Lean Leadership: Unpacking the Conversation Between Ford and Uber CEOs


tl;dr: In a riveting discussion, Ford CEO Jim Farley and Uber CEO Dara Khosrowshahi delve into Lean principles, cultural shifts, and operational challenges. From crisis management to employee respect, discover how these transportation industry leaders are transforming their companies. A must-read (or watch) for those interested in Lean, leadership, and innovation.

The Lean Mindset - See the entire series of posts

It's time to review and discuss another video from the event put together and shared by GE: The Lean Mindset.

In this post, I'd like to share some highlights of a session that was a conversation between two transportation industry CEOs — coming from companies with a very different history and focus: Jim Farley from Ford and Dara Khosrowshahi from Uber.

Jamie and Flinchbaugh also discussed this video (and one other from the event) in our upcoming Episode #42 of our “Lean Whiskey” podcast series. It should be out Friday.

The Video:

Highlights and Thoughts

Dara was there on stage in New York, but Jim chose to stay in Dearborn because of the ongoing labor talks with the UAW (and this was on September 6, before any of the strikes began). But Dara and Jim had a good rapport as they have clearly worked together on collaborations to get more Ford electric vehicles to Uber drivers.

I'm only working from my notes, not a transcript.

Crisis at Ford and the Differences From Toyota

Dara asked Jim, who worked for 17 years at Toyota to start his career, “How did you have to adjust Lean coming into Ford?”

After discussing the “divorce from my family” over joining Toyota (since he came from a family of Ford workers, including a grandfather who was an hourly worker), Jim felt drawn an opportunity to save the company during the 2008 financial crisis era. He's also a cousin of the late comedic actor Chris Farley, by the way.

Jim said he couldn't “just impose the Toyota system on Ford… it would take too much time.” He described Toyota as a “bottom-up company” where “… as you get more senior you actually do less because the bottom runs the place.” In comparison, Ford was “the complete opposite” in being “a total top-down culture.”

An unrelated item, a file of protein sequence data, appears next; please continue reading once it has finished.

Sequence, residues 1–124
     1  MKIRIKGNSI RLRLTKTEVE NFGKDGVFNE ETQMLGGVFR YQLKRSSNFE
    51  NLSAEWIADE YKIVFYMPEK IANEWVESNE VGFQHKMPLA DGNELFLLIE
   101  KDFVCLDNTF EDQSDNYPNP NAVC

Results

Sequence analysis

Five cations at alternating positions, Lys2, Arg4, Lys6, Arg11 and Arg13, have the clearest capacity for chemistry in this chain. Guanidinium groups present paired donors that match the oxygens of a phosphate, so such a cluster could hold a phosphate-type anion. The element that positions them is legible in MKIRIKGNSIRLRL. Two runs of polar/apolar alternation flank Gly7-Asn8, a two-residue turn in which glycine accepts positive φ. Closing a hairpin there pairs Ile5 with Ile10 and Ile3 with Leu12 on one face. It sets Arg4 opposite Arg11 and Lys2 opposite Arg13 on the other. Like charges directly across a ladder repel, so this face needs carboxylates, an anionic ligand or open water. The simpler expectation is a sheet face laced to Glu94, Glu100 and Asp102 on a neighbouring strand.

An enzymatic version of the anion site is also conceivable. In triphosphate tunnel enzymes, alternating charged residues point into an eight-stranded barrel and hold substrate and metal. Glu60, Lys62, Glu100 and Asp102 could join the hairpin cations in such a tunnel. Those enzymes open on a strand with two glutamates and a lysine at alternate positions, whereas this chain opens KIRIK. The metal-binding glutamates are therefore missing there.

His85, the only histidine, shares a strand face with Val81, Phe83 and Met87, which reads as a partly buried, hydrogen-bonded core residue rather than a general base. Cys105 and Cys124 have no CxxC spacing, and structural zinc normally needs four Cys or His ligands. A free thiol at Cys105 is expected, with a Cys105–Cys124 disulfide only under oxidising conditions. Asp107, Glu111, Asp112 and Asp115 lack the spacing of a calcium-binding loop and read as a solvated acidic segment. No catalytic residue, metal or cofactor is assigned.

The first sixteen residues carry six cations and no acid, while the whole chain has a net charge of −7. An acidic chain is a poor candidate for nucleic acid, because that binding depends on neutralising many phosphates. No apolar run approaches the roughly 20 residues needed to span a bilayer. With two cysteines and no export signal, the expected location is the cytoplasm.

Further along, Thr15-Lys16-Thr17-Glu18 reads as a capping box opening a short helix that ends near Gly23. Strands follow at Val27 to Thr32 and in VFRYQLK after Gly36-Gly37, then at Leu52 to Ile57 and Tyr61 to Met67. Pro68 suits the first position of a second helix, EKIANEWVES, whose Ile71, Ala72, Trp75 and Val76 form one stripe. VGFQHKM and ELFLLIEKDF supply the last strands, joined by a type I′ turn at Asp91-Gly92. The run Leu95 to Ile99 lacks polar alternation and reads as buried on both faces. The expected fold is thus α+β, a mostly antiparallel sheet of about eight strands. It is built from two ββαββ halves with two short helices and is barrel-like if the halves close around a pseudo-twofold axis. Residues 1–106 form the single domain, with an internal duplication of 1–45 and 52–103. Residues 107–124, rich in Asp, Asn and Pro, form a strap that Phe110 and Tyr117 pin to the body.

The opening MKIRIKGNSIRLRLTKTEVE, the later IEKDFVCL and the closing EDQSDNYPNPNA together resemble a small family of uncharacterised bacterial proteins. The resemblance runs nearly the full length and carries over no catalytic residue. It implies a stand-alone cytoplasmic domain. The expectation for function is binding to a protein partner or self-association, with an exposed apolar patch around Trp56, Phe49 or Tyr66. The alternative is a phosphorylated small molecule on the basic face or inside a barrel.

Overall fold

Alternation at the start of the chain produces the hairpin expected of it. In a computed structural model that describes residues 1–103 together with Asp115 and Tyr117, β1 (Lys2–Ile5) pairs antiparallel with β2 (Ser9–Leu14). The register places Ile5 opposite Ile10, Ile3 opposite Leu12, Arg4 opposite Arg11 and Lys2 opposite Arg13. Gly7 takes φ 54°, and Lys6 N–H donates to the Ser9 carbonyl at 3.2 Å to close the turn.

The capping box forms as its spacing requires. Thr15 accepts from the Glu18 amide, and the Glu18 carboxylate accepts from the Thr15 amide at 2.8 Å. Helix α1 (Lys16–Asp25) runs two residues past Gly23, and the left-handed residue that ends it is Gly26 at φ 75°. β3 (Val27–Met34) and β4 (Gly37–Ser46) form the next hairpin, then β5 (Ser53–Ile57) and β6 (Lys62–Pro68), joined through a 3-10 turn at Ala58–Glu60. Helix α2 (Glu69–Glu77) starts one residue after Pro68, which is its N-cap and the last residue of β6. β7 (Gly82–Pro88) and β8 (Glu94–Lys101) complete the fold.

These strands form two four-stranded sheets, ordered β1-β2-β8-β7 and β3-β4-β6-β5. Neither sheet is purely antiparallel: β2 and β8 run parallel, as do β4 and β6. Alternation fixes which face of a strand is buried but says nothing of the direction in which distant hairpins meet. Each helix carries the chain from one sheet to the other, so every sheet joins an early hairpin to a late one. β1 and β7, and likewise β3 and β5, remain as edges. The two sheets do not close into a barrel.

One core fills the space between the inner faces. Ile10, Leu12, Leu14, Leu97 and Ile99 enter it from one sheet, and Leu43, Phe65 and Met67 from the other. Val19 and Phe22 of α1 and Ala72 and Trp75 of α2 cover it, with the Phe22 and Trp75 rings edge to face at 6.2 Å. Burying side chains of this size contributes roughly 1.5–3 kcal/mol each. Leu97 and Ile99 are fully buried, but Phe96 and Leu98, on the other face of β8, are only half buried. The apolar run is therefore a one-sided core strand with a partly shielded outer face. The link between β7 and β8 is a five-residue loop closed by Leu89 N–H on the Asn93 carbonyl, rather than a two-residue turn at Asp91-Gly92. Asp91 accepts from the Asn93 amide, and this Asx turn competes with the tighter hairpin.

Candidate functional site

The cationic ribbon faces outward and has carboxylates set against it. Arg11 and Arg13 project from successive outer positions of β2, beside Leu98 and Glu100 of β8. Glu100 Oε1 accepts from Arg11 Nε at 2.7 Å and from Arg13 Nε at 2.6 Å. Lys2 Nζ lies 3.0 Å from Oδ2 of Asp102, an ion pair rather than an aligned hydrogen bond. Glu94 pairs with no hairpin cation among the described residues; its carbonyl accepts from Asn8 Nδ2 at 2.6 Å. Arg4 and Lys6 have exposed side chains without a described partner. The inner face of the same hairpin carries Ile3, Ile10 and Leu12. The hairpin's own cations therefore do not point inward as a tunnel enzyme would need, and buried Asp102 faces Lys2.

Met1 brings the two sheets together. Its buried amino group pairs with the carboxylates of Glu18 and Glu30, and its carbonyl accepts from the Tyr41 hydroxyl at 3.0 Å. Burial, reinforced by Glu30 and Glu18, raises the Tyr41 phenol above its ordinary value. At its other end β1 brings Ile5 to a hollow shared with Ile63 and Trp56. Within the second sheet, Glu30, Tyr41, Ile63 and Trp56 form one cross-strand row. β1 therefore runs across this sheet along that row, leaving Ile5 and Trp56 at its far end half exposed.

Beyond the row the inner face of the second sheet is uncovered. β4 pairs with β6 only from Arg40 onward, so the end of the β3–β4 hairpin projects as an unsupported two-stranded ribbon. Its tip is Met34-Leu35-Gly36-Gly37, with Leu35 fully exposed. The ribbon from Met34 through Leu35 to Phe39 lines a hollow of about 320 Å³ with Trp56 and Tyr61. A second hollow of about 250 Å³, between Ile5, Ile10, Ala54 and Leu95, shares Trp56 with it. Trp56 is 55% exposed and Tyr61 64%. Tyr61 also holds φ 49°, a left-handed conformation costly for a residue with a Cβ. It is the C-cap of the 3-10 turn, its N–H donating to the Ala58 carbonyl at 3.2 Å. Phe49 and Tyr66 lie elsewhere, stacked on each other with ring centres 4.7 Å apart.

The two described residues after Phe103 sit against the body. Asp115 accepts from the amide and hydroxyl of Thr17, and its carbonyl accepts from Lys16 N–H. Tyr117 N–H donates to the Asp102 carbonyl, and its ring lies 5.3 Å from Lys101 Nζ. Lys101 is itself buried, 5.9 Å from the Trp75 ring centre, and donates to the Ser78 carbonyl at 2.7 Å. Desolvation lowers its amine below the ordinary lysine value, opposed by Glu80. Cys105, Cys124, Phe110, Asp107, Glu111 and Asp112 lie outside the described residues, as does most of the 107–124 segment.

At Ford,

“Lean is such a big bet for us, it's non-negotiable.”

As CEO, part of Jim's job is to “define operating behaviors that are not natural for the Ford team,” to “ask the Ford leaders to model these behaviors and live it.” He is “evaluating the top 500 leaders to see if they can do this… or leave.”

Jim then asked Dara, “How did you get culture change going at Uber?”

Crisis and Culture Change at Uber

It was a “huge crisis moment” when Dara joined, with a company mired in scandals and a founder / CEO who had been fired (or forced to resign).

Dara instituted a mantra and driving principle:

“Do the right thing, period.”

He added that leaders are putting our trust in each of you (employees) to understand what doing the right thing means – with that responsibility, we're giving that to you – there's no handbook of what the right thing means in every situation.

Dara noted that the old culture was focused on growth. One example of the “right thing” was to slow down the new driver onboarding process to institute better background checks. An emphasis on safety slowed growth and “hurt the business financially,” but it was a leadership demonstration of doing the right thing. Uber would be better off, I'd say, for it in the long term.

It wasn't cited, but it makes me think of Principle #1 of “The Toyota Way“:

“Base management decisions on a long-term philosophy, even at the expense of short-term financial goals.”

Many companies say they are “implementing Lean” or maybe even that they're copying Toyota, but fewer are able to really embrace the first principle. And we wonder why many companies struggle with Lean?

Respect for Workers at Ford

Dara mentioned Lean and respect for your workers, asking Jim, “What does respect look like at Ford?”

Jim talked about visiting every factory and honoring workers, going to the “Gemba” in non-superficial ways”–to “really learn.”

Jim said:

“Without our workers, we are nothing… and they don't have a say in the big decisions we make.”